The Politics of Relationships


By Nathan Finney, MC-MPA’13, Assistant News Editor

Politics is infused in everything we did this year at the Kennedy School; from classes on becoming a politician and managing campaigns, to Forum events with foreign dignitaries and workshops on the arts of communication.  Even the school motto, Ask What You Can Do, is focused on the politics of improving our communities.

And while the word “politics” is usually associated pejoratively with political parties and who gets what, when and how, one of the greatest lessons I’ve learned here is that politics is much more than that.  It is the interaction of human beings – the building and leveraging of personal relationships.

Personal relationships are at the institutional core of this school and the personal core of those that elect to come here.  Everyone I had the privilege to meet this year has a story of why they came to the Kennedy School, and it usually began with a friend, mentor or family member encouraging them to seek higher service through an education here.

In my case, I was encouraged to apply by both my Army career manager and my commanding officer.  In the exact words of the former, “If I was a captain, I would apply.  Since I can’t, you will.  The experience and relationships you develop there will shape you into a better tool for the Army.”  Despite my anxiousness that I would not be accepted (I have yet to find a peer that has a lower undergraduate GPA), my commanding officer put it perfectly, “This is not about you, this is about getting the tools to serve better.  If you’re not accepted, then you can continue on the track you’re on.  If you are, then you can buy me a case of scotch and get to work.”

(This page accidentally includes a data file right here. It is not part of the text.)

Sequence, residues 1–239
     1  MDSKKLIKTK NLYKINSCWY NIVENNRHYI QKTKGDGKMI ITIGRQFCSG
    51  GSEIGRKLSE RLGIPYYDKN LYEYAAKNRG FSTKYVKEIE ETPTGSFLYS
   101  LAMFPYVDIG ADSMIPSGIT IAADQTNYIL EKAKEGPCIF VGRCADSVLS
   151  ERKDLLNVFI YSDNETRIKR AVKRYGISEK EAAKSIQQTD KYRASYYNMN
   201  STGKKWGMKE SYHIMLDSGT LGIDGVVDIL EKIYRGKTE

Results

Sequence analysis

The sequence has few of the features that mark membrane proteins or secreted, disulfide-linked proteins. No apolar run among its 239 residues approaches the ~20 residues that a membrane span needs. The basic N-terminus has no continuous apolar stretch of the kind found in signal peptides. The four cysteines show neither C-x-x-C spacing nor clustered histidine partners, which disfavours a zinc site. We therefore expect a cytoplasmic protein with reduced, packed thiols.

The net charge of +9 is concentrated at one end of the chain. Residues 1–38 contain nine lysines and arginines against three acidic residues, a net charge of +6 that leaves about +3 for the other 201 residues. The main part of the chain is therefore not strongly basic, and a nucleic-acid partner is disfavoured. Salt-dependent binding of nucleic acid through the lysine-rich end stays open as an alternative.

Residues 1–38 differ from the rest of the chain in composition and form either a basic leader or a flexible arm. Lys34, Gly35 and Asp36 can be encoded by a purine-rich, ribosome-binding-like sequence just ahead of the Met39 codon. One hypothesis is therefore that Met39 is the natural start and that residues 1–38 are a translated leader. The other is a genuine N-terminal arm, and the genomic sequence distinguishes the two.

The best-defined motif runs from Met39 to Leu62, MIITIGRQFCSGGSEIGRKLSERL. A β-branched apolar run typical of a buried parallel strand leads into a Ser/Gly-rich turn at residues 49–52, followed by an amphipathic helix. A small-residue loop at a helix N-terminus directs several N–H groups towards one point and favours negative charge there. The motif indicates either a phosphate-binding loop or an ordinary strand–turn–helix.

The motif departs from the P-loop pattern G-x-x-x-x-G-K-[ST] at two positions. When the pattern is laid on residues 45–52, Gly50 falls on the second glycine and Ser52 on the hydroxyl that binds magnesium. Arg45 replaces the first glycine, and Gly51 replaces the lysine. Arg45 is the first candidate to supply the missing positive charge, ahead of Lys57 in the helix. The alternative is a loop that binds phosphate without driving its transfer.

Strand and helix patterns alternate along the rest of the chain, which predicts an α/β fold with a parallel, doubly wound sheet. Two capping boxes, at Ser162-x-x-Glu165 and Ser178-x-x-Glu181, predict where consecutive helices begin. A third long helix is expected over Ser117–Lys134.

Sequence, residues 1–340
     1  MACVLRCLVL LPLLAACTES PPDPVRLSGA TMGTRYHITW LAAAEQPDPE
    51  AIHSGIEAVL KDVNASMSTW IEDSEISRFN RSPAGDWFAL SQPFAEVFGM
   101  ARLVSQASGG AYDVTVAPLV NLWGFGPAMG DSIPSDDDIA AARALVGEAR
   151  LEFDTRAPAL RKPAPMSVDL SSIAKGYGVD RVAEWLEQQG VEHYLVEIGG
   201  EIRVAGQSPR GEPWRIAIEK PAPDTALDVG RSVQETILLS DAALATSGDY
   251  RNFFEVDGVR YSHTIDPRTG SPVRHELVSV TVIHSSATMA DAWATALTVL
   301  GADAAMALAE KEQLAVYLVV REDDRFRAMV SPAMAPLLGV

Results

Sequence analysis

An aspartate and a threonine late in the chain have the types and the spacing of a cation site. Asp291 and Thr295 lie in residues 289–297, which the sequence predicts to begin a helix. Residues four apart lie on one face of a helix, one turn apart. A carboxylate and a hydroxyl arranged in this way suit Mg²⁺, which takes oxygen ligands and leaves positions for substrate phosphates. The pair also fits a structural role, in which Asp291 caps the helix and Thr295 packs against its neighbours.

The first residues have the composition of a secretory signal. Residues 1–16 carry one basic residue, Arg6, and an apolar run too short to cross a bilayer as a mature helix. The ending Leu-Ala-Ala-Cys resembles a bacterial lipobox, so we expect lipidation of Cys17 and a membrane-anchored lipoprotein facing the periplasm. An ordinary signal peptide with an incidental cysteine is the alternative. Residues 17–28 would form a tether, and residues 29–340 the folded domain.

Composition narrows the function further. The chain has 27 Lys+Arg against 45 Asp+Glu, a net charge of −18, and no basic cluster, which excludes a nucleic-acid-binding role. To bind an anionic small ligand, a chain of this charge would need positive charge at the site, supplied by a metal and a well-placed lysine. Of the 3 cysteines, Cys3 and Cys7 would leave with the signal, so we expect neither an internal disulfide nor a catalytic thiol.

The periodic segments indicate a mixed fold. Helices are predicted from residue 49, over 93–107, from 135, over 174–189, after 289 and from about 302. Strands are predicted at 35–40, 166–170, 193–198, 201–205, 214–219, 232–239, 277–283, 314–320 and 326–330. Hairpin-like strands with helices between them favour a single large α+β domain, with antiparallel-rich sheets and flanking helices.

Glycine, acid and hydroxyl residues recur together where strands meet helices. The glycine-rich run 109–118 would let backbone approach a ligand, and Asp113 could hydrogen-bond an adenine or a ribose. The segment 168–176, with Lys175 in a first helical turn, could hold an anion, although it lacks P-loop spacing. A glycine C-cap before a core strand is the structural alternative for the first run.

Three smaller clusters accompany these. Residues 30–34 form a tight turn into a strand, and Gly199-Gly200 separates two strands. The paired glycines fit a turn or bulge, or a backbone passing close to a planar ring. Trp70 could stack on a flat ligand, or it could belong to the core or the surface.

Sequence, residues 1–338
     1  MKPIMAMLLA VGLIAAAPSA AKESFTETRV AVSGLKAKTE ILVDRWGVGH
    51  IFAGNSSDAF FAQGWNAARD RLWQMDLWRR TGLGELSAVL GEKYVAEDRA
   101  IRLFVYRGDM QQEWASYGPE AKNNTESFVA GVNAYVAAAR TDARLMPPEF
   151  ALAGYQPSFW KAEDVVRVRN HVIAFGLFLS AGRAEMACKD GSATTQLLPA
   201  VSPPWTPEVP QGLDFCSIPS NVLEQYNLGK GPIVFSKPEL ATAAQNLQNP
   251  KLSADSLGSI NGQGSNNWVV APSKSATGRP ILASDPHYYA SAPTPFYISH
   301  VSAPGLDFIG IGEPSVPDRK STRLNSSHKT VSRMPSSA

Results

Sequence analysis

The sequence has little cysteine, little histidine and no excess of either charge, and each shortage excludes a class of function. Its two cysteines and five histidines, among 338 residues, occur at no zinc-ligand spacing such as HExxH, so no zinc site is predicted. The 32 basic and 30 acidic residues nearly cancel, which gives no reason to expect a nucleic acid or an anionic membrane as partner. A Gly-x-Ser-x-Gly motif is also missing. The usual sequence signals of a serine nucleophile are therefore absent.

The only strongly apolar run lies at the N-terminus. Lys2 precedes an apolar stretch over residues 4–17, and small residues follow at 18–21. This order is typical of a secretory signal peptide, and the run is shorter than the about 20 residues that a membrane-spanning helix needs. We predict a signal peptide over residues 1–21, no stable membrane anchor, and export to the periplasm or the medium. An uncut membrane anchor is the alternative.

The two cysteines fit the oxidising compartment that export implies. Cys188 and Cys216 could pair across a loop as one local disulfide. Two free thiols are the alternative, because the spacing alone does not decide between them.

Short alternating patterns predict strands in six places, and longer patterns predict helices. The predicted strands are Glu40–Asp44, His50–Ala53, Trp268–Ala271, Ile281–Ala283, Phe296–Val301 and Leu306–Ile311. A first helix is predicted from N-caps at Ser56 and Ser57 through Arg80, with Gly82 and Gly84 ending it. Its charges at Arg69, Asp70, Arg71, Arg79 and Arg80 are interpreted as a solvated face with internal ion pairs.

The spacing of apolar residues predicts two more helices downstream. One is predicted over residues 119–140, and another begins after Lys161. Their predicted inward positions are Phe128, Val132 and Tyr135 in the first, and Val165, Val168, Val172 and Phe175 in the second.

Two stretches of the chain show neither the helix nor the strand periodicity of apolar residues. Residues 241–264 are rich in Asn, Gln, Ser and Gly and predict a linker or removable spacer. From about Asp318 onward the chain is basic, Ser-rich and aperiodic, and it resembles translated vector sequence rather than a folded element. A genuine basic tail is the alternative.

This kind of encouragement and support is not unique.  Each of us had dozens of people that not only pushed us to apply to the Kennedy School, but helped build us into the person that was ultimately accepted: Parents that instilled in us compassion, a sense of service and an ethic of hard work; third grade teachers that made us memorize our multiplication tables; high school literature teachers that opened our mind to the power of words; bosses that gave us responsibilities over people and projects; and friends that encouraged our wild ideas of improving the world around us.

We would not be here without these relationships.

Relationships also propped us up and gave us wings over the last year.  As I entered this school last summer, one of the oft-quoted comments I heard was, ‘You will learn and gain more from your fellow students than any other aspect of this school.’  This was absolutely the case.  At what other point in my life could I have mingled and learned from men who ran nonprofits to support orphans in South Africa, women who were starting a venture to empower and mentor young girls in India, men who will help develop a war-torn Libya, and women who are fighting for the rights of immigrants here in the United States?  Each of these individuals, and countless more, will drive me every day in the future.

More than anything, we were prepared and supported by our families for our role here at the Kennedy School and beyond.  For some, this came in the form of demanding and loving parents, for others encouraging siblings or grandparents.  While both of these are true for me, it was above all my wife and daughters that have pushed me to be better… and to do better.  Nothing is as motivating as the desire to be a good example for your children and to make the person you love most in the world proud.

As we all step across the stage today – many of those who supported and pushed us to attend the Kennedy School proudly watching – remember this is just the mid-point in our journey.  We have many more miles to go, many more relationships to build, and an innumerable amount of problems to solve.  We will not be able to solve any of them without taking part in the politics of developing relationships.

But for today, take a deep breath.  Congratulate yourself for a hard-fought year (or two) at Harvard.  Reflect on the great times and lessons learned.  Thank the wonderful people that made you who you are.  Then look to the future and Do What You Can Do.

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